#3: Helpful information if one is using Latin, but this isn't the forum for that. 😉
Interesting, though, is that English (at least AE) does use "emeriti" for the plural form of the noun and the adjective.
"emer·i·tus | \ i-ˈmer-ə-təs
plural emeriti\ i-ˈmer-ə-ˌtī
Definition of emeritus
(Entry 1 of 2)
: a person retired from professional life but permitted to retain as an honorary title the rank of the last office held
Definition of emeritus (Entry 2 of 2)
1 : holding after retirement an honorary title corresponding to that held last during active service
2 : retired from an office or position
—converted to emeriti after a plural
However, some (but definitely not all) AE speakers do differentiate between "alumnus" and "alumna" and "alumni" (male-only or mixed gender) and "alumnae" (female only).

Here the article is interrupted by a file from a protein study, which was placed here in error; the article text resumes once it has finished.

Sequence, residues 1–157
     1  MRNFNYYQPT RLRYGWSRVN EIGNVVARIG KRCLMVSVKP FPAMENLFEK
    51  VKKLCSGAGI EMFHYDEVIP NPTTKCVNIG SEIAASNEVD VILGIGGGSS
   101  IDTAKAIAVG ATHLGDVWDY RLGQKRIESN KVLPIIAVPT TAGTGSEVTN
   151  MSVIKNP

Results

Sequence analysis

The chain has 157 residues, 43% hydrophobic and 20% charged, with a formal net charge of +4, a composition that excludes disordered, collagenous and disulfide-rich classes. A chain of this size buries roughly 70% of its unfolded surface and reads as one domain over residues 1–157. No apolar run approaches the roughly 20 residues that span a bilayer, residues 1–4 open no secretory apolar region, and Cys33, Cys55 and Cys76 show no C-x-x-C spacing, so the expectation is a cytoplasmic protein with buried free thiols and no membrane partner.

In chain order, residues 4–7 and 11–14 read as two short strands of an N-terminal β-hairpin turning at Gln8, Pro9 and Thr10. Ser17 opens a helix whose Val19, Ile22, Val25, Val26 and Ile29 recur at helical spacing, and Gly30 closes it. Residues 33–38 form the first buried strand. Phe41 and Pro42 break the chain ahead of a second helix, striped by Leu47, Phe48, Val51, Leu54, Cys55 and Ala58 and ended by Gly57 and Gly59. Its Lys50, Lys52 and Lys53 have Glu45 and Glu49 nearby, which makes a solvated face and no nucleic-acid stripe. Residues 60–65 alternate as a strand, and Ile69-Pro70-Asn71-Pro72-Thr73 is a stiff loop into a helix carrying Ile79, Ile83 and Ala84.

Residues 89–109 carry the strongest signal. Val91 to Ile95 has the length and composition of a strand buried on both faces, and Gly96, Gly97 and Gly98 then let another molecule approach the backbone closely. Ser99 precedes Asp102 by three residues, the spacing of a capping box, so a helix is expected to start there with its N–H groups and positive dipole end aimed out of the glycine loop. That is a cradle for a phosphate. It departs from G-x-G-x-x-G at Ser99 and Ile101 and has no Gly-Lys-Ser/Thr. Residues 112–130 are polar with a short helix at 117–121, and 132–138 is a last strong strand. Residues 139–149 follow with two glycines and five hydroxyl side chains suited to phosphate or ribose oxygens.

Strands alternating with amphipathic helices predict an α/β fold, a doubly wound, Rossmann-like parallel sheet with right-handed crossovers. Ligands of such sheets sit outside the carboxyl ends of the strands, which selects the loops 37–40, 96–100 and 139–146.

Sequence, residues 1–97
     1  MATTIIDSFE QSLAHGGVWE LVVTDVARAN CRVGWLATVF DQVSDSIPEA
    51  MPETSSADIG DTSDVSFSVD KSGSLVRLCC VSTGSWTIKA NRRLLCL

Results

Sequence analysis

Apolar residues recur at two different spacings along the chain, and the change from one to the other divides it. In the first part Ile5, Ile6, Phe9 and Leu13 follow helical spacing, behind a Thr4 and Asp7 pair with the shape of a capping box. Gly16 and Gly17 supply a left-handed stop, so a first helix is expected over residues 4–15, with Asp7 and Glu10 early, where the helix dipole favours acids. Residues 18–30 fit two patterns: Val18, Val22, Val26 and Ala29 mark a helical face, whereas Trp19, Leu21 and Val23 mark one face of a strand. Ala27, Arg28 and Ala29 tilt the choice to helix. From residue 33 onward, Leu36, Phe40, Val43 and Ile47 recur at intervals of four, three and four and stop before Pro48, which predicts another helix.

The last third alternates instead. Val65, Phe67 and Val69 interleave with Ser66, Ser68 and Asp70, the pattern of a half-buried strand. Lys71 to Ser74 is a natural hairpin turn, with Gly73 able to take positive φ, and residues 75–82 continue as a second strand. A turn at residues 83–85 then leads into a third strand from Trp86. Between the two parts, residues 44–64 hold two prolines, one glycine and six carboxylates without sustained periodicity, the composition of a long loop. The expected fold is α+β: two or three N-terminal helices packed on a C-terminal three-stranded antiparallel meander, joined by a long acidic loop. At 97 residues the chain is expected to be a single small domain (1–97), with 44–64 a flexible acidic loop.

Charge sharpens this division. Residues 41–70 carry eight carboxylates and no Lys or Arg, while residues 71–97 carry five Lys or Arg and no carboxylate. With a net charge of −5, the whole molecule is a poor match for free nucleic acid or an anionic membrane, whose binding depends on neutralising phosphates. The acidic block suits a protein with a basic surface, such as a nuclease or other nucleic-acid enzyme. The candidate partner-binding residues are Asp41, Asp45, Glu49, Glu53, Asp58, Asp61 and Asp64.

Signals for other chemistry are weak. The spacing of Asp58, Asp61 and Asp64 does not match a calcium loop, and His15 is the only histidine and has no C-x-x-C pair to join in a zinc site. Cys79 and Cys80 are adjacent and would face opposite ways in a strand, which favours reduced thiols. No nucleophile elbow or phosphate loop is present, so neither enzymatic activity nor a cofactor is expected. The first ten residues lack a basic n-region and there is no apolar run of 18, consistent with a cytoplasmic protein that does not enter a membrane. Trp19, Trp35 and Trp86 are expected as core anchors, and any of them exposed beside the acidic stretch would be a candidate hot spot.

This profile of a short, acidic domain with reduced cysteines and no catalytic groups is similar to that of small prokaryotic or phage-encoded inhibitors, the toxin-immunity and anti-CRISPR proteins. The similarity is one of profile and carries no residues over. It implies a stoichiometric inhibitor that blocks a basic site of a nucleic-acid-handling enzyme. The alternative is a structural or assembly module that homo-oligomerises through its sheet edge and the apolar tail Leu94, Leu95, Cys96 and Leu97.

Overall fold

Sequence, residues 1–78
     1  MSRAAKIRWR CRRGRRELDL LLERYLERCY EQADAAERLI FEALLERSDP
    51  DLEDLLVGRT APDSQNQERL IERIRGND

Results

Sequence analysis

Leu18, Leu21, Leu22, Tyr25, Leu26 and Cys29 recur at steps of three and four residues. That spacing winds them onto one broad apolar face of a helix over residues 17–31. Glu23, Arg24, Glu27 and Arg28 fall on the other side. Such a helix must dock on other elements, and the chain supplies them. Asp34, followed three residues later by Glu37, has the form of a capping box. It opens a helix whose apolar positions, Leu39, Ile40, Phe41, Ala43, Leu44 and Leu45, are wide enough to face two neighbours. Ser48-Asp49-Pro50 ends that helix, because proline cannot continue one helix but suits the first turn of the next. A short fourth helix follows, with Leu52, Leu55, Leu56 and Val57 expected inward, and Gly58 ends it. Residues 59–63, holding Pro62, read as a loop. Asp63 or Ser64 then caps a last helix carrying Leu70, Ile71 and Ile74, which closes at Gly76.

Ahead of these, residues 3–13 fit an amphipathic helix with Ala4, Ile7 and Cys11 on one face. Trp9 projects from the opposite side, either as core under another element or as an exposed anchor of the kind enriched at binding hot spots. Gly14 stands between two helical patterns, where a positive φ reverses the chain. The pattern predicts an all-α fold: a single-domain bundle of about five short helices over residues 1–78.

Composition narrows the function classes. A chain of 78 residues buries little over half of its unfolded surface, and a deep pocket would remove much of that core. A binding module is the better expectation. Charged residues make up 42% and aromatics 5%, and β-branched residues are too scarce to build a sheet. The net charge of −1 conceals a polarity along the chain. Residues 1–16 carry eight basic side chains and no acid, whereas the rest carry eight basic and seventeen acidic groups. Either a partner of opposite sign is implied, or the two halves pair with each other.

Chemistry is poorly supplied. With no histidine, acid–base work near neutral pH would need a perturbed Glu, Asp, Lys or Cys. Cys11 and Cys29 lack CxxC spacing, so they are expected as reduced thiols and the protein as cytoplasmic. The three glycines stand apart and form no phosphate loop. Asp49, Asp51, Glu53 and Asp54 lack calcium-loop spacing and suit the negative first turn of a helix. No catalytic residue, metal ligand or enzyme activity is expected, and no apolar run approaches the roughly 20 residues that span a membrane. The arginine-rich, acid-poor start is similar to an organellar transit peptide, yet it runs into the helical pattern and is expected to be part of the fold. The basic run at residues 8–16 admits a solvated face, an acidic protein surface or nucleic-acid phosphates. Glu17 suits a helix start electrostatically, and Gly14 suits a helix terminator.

Also from M-W:
Alumnus or Alumna?
"Many people are comfortable using the word alumni to refer to someone who was a student of a particular school. However, others feel quite strongly that this is an error and that the following forms should be used: alumnus (for one male), alumni (for multiple males, or for a mix of males and females), alumna (for one female), and alumnae (for multiple females). The shortened form alum and its plural form alums began to be used in the 19th century. Initially, alum was widely viewed as highly colloquial or informal, but is increasing in use as a gender-neutral alternative."